Consider Starting with… and
Fiction Read-Alikes. According to Fraser, the former
lists titles from the chapter that are popular and highly accessible books. They represent a great starting point for people who would like more information about a certain genre. The latter section,
Fiction Read-Alikes, is a terrific inclusion as it suggests a number of novels whose contents can be connected to the chapter's nonfiction focus. For readers, especially boys, whose reading diet might be entirely nonfiction, the
bridge books in this section may suggest that fiction actually has something to offer them.
Within each subgenre, entries are arranged alphabetically by subtitle. Books in a series that have been written by various authors are entered under the name of the series. Entries include the book's author, title, publisher, publication date, and 10 digit ISBN. Symbols are used to indicate each book's suggested reading level. A most unfortunate typo occurred on p. xi which provides the key to reading levels.
M should read grades 6-8 , not ages 6-8, and
J should indicate grades 7-9. Additional symbols include one to indicate that the book has won an award, and others suggest possible audiences, i.e.: books that both teens and adults will enjoy; aimed at male readers, ie. boys; suitable for reluctant readers, suitable for use with book groups/clubs; plus core titles that have stood the test of time.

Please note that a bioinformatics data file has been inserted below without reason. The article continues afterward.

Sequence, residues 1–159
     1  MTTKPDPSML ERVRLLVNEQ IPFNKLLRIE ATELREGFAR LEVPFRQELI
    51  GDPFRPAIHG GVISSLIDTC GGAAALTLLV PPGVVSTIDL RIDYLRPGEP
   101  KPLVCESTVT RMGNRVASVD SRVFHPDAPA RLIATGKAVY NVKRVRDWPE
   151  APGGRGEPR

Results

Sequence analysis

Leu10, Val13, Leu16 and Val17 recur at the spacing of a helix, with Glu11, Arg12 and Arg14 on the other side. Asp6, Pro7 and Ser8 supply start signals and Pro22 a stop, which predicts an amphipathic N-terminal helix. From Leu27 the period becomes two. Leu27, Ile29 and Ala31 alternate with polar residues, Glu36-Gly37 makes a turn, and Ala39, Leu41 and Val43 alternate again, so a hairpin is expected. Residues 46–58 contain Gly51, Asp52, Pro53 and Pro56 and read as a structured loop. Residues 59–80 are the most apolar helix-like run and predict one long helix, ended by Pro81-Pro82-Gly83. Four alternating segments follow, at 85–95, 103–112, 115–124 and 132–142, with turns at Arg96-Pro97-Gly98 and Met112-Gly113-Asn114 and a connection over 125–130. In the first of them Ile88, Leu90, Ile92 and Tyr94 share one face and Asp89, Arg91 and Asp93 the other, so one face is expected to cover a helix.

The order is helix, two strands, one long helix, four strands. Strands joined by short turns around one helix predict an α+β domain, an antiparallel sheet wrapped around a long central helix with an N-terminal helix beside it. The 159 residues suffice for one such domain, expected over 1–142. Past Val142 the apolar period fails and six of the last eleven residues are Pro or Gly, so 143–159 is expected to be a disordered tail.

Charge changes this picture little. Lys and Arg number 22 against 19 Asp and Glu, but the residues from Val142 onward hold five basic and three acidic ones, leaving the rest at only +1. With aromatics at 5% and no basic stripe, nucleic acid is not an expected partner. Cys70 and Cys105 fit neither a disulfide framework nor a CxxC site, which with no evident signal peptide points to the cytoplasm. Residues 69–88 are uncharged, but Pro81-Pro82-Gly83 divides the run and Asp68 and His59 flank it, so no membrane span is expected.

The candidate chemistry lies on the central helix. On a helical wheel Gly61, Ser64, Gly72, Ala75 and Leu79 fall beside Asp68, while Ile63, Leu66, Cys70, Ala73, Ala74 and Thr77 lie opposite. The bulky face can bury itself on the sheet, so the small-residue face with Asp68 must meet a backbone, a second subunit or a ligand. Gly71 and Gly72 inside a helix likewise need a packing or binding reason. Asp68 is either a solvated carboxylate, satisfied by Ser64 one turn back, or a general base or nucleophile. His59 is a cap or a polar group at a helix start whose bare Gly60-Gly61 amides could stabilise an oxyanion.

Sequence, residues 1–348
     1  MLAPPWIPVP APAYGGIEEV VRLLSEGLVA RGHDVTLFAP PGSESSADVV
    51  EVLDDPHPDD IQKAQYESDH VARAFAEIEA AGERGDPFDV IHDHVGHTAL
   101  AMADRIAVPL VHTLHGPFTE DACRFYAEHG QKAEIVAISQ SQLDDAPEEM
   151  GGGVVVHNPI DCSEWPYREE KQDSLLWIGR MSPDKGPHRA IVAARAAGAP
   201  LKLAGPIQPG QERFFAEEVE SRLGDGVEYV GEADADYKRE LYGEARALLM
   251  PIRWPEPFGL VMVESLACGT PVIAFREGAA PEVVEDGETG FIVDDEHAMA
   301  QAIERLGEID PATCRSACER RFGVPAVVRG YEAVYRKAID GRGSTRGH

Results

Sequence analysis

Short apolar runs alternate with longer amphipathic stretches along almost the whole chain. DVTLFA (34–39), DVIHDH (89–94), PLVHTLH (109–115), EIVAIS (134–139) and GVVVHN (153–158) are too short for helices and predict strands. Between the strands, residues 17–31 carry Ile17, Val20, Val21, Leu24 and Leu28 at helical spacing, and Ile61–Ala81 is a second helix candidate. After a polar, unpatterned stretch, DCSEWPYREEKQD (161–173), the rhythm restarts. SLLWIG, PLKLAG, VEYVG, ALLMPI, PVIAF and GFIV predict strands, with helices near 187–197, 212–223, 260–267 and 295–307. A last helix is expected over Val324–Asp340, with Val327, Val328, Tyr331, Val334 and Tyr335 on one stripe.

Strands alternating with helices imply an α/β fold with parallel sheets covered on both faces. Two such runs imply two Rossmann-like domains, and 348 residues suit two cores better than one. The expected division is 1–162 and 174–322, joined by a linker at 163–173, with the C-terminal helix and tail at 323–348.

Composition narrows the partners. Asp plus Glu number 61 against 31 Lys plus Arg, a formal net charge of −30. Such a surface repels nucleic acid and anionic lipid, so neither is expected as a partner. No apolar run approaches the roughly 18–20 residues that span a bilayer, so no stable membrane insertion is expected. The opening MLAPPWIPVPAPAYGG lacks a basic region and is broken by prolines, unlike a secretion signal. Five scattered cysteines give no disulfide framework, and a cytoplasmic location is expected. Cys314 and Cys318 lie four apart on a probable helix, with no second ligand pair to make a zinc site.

Each book is briefly annotated, and the annotations, which are truly fresh and engaging, almost function like mini-book talks. Some of the book entries are followed by
Now Try suggestions that suggest authors, subjects, themes or styles that connect with the book just described. For example, following the entry for Priscilla Galloway's Archers, Alchemists, and 98 Other Medieval Jobs You Might Have Loved or Loathed can be found a
Now Try that reads:
Getting a picture of a society through its occupational choices is a novel presentation. Laurie Coulter tackles this challenge for the nineteenth century, taking into consideration the vast changes wrought by the Industrial Revolution and presenting a time line of what is happening in America. Readers are given a novel look at the country in her Cowboys and Coffin Makers: One Hundred 19th-Century Jobs You Might Have Feared or Fancied.
Reality Rules concludes with two appendices,
Nonfiction Readers' Advisor Resources for YA Librarians and
Bibliography plus an author/title index and a subject index.
In summary, Reality Rules is a superbly compiled reference work/selection tool that should be owned by all public library systems and school divisions in Canada. Additionally, librarians-in-training, whether school or public, could use the contents of Reality Rules as an engaging introduction to the wide range of nonfiction that responds to teens' recreational reading interests.
Dave Jenkinson, who lives in Winnipeg, MB, is CM's editor.
To comment on this title or this review, send mail to
Copyright © the Manitoba Library Association. Reproduction for personal use is permitted only if this copyright notice is maintained. Any other reproduction is prohibited without permission.